740.0011 European War 1939/7905: Telegram

The Minister in Yugoslavia (Lane) to the Secretary of State

51. My 50, January 25, noon.14 He15 believed there should be Balkan unity and had done his best to obtain it, but throughout expressed distrust of Bulgaria. He felt sure that Bulgaria would permit passage of German troops, but thought that Donovan’s explanation of our position in Sofia may do some good and make Boris16 hesitate.

He stated flatly Yugoslavia would refuse consent of the passage of German troops and would resist attack. In reply to question as to what this country would do if German troops entered Bulgaria he said, “It is most difficult. I believe we will attack. It encircles us. But my people are not all agreed. The time has come to act on principle, to abandon expediency”.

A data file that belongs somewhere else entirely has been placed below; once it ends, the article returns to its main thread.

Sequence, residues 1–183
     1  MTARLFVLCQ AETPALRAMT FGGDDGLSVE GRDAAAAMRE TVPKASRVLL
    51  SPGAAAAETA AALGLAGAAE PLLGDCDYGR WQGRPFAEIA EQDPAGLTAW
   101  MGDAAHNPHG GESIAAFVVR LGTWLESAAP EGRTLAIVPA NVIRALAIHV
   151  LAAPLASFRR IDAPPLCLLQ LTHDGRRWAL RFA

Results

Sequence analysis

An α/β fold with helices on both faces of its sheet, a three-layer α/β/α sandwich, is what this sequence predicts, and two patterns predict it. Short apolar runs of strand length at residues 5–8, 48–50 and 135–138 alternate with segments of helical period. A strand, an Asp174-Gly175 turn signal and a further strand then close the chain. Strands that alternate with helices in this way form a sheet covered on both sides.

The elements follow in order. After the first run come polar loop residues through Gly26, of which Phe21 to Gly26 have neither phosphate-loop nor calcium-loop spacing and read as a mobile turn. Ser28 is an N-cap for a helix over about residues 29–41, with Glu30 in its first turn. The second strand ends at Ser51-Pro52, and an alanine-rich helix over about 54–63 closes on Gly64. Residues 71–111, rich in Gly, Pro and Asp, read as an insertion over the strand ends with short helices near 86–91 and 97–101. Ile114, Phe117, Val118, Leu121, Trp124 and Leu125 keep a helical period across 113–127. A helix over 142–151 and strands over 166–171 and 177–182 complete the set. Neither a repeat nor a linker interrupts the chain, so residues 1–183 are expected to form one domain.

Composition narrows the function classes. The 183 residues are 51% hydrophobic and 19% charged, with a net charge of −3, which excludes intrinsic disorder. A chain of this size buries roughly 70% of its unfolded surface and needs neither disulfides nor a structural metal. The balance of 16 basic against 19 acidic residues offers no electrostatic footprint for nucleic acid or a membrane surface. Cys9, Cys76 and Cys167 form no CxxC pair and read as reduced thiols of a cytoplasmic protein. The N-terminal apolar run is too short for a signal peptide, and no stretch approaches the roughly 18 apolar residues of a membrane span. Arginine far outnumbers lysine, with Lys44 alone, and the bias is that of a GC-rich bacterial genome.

He still felt that Germany did not wish trouble in the Balkans. After discussion he said that the establishment of a Balkan line was necessary in order finally to defeat Germany.

  1. Not printed.
  2. Prince Paul.
  3. King of Bulgaria.